This Man Threw Away A Napkin Last Month. Police Used It To Charge Him With A 1993 Murder.

A Minnesota man was charged with murder after police used a discarded napkin, which he used to wipe his face while eating a hot dog, to tie him to a nearly 26-year-old cold case.

A Minnesota man was charged with murder after police used a discarded napkin, which he used to wipe his face while eating a hot dog, to tie him to a nearly 26-year-old cold case.

Police arrested 52-year-old businessman Jerry Westrom last week after investigators employed a genealogy company to link his DNA to crime scene evidence from the stabbing death of 35-year-old Jeanne Ann “Jeanie” Childs in 1993.

Westrom denied the allegations under questioning, according to the Minneapolis Star Tribune, and was released on $1 million bail on Friday.

Westrom’s attorney declined to comment to the paper and did not immediately return BuzzFeed News' request for comment on Monday.

Westrom’s arrest is just the latest example of authorities taking advantage of genealogy services to revive decades-old cold cases. For the last two years, federal and local law enforcement have used such databases to match potential suspects to unsolved cases, most notably in the landmark capture of the suspected Golden State Killer.

The tactic, however, has raised ethical questions as many people use these private companies and their databases to obtain information about their heritage, unaware that uploading their DNA could potentially help authorities locate family members. Last month, BuzzFeed News reported that Family Tree DNA, one of the largest at-home DNA testing companies, had an agreement to work with the FBI to solve violent crime cases.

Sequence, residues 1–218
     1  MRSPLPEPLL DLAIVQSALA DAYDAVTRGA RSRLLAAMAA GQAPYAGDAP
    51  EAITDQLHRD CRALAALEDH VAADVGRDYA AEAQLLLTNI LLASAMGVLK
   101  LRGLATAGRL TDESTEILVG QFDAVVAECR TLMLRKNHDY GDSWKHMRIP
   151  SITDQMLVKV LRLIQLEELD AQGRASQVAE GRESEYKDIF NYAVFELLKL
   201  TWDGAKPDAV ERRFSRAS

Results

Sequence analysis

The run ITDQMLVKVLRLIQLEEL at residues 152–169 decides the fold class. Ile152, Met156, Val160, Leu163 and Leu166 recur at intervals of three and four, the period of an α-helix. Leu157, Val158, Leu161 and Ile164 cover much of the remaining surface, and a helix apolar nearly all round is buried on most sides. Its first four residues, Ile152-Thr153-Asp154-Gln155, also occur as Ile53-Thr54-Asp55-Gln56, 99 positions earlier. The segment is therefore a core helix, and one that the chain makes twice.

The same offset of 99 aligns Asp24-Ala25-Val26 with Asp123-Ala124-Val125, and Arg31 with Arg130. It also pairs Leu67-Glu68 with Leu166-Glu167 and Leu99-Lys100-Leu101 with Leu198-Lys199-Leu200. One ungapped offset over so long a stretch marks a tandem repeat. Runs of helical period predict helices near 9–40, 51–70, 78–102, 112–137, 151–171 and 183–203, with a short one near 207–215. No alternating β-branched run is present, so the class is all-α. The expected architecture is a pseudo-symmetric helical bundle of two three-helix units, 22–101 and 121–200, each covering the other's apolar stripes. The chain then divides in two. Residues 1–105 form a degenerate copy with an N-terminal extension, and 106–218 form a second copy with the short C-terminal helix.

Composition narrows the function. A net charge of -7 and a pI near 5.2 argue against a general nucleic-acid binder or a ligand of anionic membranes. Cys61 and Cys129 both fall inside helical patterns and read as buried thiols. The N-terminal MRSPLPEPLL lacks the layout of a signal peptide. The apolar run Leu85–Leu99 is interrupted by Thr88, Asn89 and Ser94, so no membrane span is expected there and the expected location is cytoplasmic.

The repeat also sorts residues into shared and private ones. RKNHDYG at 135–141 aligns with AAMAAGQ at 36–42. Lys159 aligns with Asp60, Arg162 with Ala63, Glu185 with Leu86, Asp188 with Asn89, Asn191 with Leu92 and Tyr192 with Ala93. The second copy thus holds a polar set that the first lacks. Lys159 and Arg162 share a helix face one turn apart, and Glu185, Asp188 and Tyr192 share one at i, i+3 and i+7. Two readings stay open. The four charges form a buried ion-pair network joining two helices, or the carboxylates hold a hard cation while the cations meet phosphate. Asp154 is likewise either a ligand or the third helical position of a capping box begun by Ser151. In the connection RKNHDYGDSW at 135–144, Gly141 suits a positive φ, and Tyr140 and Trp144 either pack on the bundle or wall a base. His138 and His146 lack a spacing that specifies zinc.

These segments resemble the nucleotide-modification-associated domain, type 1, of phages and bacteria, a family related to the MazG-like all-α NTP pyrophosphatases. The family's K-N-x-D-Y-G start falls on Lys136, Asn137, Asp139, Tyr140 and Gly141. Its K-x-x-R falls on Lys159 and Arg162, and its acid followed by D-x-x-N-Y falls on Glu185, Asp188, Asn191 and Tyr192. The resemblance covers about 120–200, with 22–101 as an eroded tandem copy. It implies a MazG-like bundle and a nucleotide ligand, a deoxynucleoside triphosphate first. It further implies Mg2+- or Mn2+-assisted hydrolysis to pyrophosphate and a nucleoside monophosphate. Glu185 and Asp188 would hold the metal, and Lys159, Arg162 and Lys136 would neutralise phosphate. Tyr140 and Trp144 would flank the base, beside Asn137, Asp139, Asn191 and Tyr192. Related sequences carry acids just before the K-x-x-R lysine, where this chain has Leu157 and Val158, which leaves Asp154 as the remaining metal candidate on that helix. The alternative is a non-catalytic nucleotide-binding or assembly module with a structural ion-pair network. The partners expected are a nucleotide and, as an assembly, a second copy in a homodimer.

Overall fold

"This was a cold hit case," Hennepin County attorney Mike Freeman said in a press conference last Friday, comparing it to the Golden State Killer case. "DNA samples were sent to genealogists who helped us match them together. This was good police work to pass this kind of technique on between cops.

While Minneapolis police did not say in a statement detailing the arrest in the Childs case which private DNA company was employed, authorities explained that a break in the case came last year after they entered DNA from the crime scene into genealogy websites, revealing two possible suspects. One of them was Westrom, who lived in the Twin Cities area around the time of the murder and had been charged with soliciting a teenager for sex in 2016, according to the Tribune.

Last month, officers trailed Westrom to a hockey game, watching him order a concession stand hot dog and then wipe his mouth with a napkin. After the suspect threw away the napkin, authorities rifled through the trash and obtained the evidence, and used that DNA to match it to samples from the 1993 crime scene. Police then arrested Westrom, a father of three from Isanti, Minnesota, at his office last Monday.

"When you discard things in the trash, the Supreme Court has often said it's fair game," Freeman said.

"By the way, for people who say, 'Isn't this awful? We're invading privacy,' we use DNA all the time to prove that the person didn't do it," Freeman continued. "Because if we don't have a match, we don't have a case. What this has done is make identification that much better."

Childs was found dead in June 1993, after a neighbor noticed water running from her Minneapolis apartment. When police arrived, the victim, who had previously been a sex worker, was dead on the floor with multiple stab wounds. At the crime scene, authorities were able to collect multiple DNA samples from a bed comforter, a towel in the bathroom, and a washcloth on a toilet seat.

“We all hope Jeanne’s family can finally find peace as a result of this tenacious effort by officers and agents,” said Jill Sanborn, an FBI agent in charge of the Minneapolis division. “This case underscores law enforcement’s ability use every tool at its disposal to crack a case.”

When asked on Friday if his office would go back to use the same genealogy websites and databases to revisit past unsolved crimes, Freeman seemed unequivocal.

"I don't know why we wouldn't," he said.

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